8,364 research outputs found

    t-tbar Pair production cross section measurement at the LHC

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    Measurement of ttˉt\bar{t} pair production cross sections with an integrated luminosity of around 1 fb1^{-1} at s\sqrt{s} = 7 TeV obtained with the ATLAS and CMS detectors are reported. The inclusive cross sections in dilepton (ee, eμe\mu, μμ\mu\mu and μτ\mu\tau), lepton+jets (e, μ\mu) and all hadronic decay modes are measured. In addition to inclusive cross section measurement, the study of jet multiplicity with additional jets are also presented, which is important to constrain the initial state radiation. Measurement of the charge asymmetry at the LHC is also presented. All measurements are compatible with Standard Model predictions.Comment: Presented at the 2011 Hadron Collider Physics symposium (HCP-2011), Paris, France, November 14-18 2011, 5 pages, 7 figure

    Disruption of Molecular Clouds by Expansion of Dusty H II Regions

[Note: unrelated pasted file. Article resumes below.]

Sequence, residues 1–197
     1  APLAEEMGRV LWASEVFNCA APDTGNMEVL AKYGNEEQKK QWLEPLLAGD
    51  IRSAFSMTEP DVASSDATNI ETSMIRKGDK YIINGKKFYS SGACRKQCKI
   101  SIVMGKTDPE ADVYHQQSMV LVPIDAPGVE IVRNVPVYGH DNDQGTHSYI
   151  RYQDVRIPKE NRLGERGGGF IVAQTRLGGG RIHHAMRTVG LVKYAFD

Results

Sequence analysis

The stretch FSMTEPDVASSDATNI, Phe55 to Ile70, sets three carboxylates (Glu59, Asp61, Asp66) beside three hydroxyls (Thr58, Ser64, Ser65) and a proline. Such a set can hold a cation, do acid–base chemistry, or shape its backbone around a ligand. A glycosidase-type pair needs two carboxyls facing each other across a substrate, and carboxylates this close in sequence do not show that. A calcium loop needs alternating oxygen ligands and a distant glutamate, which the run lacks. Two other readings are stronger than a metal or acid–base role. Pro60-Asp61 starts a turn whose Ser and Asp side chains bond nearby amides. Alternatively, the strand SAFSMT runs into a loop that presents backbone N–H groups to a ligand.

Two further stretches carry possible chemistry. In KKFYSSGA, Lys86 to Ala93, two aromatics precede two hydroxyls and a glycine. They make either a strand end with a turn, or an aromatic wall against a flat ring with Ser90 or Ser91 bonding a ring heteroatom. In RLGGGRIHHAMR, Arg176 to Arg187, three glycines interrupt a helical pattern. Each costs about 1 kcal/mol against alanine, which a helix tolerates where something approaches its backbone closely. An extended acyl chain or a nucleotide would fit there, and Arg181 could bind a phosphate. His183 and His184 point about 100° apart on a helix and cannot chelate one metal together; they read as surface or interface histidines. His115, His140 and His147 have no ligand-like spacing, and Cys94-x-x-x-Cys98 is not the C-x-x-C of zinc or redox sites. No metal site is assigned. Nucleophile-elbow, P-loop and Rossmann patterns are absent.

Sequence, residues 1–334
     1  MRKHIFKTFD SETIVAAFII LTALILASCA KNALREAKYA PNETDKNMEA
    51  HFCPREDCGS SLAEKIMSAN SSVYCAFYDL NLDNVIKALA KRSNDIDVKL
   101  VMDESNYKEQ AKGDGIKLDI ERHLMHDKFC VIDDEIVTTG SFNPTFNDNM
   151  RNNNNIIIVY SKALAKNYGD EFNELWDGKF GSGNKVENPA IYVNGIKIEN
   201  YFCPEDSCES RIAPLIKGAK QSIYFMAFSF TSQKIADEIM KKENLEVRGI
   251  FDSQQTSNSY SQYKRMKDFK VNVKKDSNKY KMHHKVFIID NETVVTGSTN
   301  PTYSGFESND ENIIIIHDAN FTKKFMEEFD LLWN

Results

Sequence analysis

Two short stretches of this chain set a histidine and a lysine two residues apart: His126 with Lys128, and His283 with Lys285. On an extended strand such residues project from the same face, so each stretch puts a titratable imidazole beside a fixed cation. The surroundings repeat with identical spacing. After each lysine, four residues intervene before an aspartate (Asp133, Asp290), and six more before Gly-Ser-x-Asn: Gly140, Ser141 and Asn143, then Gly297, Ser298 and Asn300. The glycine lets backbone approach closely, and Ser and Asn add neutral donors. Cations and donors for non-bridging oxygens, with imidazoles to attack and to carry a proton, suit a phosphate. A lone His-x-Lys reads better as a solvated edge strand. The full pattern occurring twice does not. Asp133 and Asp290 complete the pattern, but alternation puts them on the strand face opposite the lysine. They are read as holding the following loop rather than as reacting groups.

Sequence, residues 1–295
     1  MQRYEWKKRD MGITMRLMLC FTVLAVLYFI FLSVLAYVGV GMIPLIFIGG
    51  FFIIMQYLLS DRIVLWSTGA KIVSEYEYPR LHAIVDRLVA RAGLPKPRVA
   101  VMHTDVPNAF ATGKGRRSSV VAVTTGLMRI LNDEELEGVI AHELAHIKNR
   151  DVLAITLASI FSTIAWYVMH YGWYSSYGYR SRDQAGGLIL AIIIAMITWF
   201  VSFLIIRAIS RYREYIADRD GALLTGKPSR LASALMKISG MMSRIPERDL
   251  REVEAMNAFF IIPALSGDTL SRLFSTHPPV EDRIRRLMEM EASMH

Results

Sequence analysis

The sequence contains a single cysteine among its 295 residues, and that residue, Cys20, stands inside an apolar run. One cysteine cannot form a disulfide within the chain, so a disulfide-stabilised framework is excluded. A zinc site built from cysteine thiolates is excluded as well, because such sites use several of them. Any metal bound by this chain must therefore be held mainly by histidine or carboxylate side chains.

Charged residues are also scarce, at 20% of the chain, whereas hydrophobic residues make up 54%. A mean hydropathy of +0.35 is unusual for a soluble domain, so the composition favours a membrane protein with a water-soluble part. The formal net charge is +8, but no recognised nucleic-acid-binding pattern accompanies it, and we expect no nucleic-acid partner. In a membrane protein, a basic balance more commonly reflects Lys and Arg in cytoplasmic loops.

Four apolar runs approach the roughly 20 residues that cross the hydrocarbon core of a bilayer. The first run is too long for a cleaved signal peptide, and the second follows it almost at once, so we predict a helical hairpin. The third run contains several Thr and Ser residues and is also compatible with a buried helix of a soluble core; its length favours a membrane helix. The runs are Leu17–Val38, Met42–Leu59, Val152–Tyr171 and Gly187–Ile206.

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    Dynamical expansion of H II regions around star clusters plays a key role in dispersing the surrounding dense gas and therefore in limiting the efficiency of star formation in molecular clouds. We use a semi-analytic method and numerical simulations to explore expansion of spherical dusty H II regions and surrounding neutral shells and the resulting cloud disruption. Our model for shell expansion adopts the static solutions of Draine (2011) for dusty H II regions and considers the contact outward forces on the shell due to radiation and thermal pressures as well as the inward gravity from the central star and the shell itself. We show that the internal structure we adopt and the shell evolution from the semi-analytic approach are in good agreement with the results of numerical simulations. Strong radiation pressure in the interior controls the shell expansion indirectly by enhancing the density and pressure at the ionization front. We calculate the minimum star formation efficiency ϵmin\epsilon_{min} required for cloud disruption as a function of the cloud's total mass and mean surface density. Within the adopted spherical geometry, we find that typical giant molecular clouds in normal disk galaxies have ϵmin10\epsilon_{min} \lesssim 10%, with comparable gas and radiation pressure effects on shell expansion. Massive cluster-forming clumps require a significantly higher efficiency of ϵmin50\epsilon_{min} \gtrsim 50% for disruption, produced mainly by radiation-driven expansion. The disruption time is typically of the order of a free-fall timescale, suggesting that the cloud disruption occurs rapidly once a sufficiently luminous H II region is formed. We also discuss limitations of the spherical idealization.Comment: 23 pages, 14 figures; Accepted for publication in Ap